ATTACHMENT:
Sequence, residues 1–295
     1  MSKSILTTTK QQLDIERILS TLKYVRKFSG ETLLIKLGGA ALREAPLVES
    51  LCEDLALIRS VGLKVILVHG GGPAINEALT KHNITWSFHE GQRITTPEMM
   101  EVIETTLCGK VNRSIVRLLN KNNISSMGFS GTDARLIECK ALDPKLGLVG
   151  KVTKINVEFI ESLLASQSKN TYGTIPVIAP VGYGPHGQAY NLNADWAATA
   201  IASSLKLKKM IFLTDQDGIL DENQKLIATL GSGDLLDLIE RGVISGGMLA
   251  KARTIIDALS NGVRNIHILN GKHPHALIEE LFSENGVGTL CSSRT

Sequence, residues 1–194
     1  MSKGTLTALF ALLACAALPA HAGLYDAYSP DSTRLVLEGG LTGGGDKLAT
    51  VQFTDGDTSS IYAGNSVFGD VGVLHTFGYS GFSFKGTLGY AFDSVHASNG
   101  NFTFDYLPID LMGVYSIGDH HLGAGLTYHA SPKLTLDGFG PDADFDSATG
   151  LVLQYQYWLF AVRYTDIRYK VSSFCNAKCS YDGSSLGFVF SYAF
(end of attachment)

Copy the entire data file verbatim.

Sequence, residues 1–295
     1  MSKSILTTTK QQLDIERILS TLKYVRKFSG ETLLIKLGGA ALREAPLVES
    51  LCEDLALIRS VGLKVILVHG GGPAINEALT KHNITWSFHE GQRITTPEMM
   101  EVIETTLCGK VNRSIVRLLN KNNISSMGFS GTDARLIECK ALDPKLGLVG
   151  KVTKINVEFI ESLLASQSKN TYGTIPVIAP VGYGPHGQAY NLNADWAATA
   201  IASSLKLKKM IFLTDQDGIL DENQKLIATL GSGDLLDLIE RGVISGGMLA
   251  KARTIIDALS NGVRNIHILN GKHPHALIEE LFSENGVGTL CSSRT

Sequence, residues 1–194
     1  MSKGTLTALF ALLACAALPA HAGLYDAYSP DSTRLVLEGG LTGGGDKLAT
    51  VQFTDGDTSS IYAGNSVFGD VGVLHTFGYS GFSFKGTLGY AFDSVHASNG
   101  NFTFDYLPID LMGVYSIGDH HLGAGLTYHA SPKLTLDGFG PDADFDSATG
   151  LVLQYQYWLF AVRYTDIRYK VSSFCNAKCS YDGSSLGFVF SYAF